As I attempted to search for answers and reconcile national news with my clinical and teaching experiences, I was struck by something that Andrew Solomon eloquently captured in his June 2018 New Yorker article that again touches upon the theme of connection.6 Mr. Solomon writes “modernity is alienating” and about how he receives correspondence from those who struggle with depression. “What is most striking to me is how alone many of them are ... these people are so alone that they are effectively invisible to the rest of us ... many of them describe suicidal feelings,” he noted.
The power of connection in our day-to-day work is undeniable. The influence of human interaction and appreciating one’s unique narrative is a bedrock of clinical care and can unquestionably allow us to better understand individual suffering, deliver optimal care, and combat shame asboldly shared in her recent Netflix comedy special “Nanette.” This shame can drive one to experience earth-shattering depressive episodes and influence thoughts of suicide. “We simply cannot make it on our own,” Ms. Gadsby explains, “we’re humans. We’re to be connected.” Humans are indeed hardwired for connection; isolation and disconnection can lead to significant health problems and are linked with mental health concerns. The former U.S. Surgeon General Vivek H. Murthy, MD, has referred to loneliness as an epidemic, and those with autism may be at increased risk for feeling lonely and isolated.7,8
Synthesizing thoughts about relationships, suicide, loneliness, love, well-being, and autism produces a complicated web of, well, connections. Suicide in the autism population hasn’t been well researched, but one 2016 study revealed sobering numbers about suicide being a leading cause of premature death in people with autism.9 How do these numbers associate with feelings of isolation, wanting to fit in, and troubles talking about emotions – all of which can characterize those with ASD? Data, not surprisingly, support the role of loneliness as a risk factor for the development of depression and suicidal ideation in those with ASD.10 In addition, social-communication challenges, even in the absence of an autism diagnosis, are related to depression and suicidality.11 Another recent study showed a relationship between autistic traits and depression symptoms, an association seemingly linked to being bullied.12 We cannot continue to hold onto the myth that individuals with autism don’t desire relationships and love because it’s these desires and not being able to fulfill them, limited opportunities to engage in meaningful experiences, and feeling different that can lead to negative outcomes.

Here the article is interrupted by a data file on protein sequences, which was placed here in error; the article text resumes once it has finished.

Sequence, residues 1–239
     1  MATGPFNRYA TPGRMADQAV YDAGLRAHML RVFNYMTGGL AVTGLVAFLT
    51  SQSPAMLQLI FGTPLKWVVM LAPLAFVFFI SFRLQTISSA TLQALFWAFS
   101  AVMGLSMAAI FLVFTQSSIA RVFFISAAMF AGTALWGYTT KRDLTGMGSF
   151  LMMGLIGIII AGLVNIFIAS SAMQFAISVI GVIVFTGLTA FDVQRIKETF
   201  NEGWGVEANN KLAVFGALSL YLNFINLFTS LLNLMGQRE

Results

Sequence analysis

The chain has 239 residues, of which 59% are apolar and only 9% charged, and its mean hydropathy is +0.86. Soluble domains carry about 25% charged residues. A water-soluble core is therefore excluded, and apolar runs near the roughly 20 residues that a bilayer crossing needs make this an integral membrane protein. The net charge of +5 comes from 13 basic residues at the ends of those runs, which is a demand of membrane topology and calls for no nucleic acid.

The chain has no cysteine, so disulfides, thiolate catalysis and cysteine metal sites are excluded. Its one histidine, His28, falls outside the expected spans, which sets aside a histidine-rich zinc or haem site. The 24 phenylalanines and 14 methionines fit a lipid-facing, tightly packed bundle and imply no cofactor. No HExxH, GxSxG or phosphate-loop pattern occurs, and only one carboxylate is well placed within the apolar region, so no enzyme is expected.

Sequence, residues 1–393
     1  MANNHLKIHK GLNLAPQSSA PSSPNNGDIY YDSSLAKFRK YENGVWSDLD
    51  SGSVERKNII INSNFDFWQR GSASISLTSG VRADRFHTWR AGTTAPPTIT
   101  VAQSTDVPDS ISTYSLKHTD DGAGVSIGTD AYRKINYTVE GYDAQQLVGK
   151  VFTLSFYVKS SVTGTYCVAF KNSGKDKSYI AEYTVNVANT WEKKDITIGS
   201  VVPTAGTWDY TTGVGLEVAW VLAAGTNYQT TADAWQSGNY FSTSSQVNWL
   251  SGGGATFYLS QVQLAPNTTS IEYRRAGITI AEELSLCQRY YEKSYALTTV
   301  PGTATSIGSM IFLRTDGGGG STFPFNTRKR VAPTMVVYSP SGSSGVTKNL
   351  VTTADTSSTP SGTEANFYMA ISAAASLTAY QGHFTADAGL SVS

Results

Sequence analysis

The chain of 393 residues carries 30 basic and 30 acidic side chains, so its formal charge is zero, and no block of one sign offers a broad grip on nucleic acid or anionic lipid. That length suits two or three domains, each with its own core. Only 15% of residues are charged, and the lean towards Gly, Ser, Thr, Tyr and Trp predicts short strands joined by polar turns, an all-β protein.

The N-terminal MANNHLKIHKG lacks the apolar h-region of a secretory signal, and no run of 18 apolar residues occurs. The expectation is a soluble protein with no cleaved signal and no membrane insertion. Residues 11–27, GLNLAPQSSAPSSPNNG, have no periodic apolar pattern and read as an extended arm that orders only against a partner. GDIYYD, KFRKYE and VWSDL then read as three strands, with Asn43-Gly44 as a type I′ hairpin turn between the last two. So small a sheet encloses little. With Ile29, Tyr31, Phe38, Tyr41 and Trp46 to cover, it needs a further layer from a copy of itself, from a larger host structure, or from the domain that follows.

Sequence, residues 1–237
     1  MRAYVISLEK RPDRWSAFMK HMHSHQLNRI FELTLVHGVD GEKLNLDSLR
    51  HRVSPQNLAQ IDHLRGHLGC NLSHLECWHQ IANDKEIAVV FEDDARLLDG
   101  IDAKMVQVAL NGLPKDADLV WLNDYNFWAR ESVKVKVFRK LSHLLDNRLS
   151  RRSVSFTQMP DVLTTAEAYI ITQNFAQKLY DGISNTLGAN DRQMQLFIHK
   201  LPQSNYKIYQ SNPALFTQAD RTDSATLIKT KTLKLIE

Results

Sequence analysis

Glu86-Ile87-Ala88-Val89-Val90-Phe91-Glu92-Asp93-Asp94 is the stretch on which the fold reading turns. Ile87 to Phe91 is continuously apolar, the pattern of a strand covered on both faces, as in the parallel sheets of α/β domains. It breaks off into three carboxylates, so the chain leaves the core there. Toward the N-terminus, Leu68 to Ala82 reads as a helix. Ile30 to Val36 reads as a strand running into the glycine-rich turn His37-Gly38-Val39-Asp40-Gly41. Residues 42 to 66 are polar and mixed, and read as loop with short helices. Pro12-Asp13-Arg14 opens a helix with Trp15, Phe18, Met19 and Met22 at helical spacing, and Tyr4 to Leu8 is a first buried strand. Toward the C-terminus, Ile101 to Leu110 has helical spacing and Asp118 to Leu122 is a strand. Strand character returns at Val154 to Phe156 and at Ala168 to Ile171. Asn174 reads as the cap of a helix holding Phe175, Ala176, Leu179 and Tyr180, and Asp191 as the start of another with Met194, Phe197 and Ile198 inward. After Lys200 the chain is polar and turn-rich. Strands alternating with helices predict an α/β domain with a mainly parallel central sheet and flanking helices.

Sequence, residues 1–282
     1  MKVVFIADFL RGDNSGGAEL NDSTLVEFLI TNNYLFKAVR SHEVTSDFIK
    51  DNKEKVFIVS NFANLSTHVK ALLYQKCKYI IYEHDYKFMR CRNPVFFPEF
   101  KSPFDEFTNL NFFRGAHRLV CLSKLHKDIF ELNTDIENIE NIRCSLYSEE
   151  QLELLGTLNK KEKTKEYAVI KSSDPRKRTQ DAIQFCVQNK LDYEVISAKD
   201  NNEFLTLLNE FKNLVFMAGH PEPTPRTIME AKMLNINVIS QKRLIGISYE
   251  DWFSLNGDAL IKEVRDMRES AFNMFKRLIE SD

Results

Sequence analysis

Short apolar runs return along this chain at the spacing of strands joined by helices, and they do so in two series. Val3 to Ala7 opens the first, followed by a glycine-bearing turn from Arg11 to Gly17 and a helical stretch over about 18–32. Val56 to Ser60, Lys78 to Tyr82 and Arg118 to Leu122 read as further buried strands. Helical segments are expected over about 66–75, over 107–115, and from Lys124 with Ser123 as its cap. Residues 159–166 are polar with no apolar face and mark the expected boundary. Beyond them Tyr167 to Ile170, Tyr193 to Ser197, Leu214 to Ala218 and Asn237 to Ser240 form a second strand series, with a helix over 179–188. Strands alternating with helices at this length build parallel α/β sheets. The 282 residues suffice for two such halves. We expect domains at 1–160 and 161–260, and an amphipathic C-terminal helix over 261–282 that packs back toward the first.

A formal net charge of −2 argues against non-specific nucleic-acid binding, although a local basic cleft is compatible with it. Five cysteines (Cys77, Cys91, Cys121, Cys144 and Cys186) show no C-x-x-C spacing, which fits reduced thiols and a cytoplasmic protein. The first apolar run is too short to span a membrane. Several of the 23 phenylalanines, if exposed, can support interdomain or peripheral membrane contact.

Talking about suicide is critical in helping to prevent suicide, and there is a need for prevention and screening strategies tailored to specific communities and groups of individuals. How do we go about identifying specific risk factors and address them accordingly, especially in the setting of autism, where risk factors such as behavior change and changes in social interactions can be common features innate to the developmental disorder?
Changes in policy and practice are needed, and all people in crisis deserve supports that appreciate their unique challenges and individual strengths.13 Clinically, being mindful of the consequences of victimization and the power of connectedness and its role in health and well-being is critically important. The Centers for Disease Control and Prevention states that “connectedness is a common thread that weaves together many of the influences of suicidal behavior and has direct relevance for prevention,” and providers should strive to enhance positive connectedness between persons, between individuals, families and community organizations, and among organizations and social institutions.14
Spend time with patients asking about their relationships, desires, and satisfaction with social connections. Ask about loneliness and feelings of rejection while communicating to marginalized individuals that they matter. Finally, appreciate the benefits of safety planning.15 Developing a tailored safety plan with someone who is endorsing suicidal thinking, making follow-up connections (i.e., a telephone call), communicating concern, and instilling hope can save lives.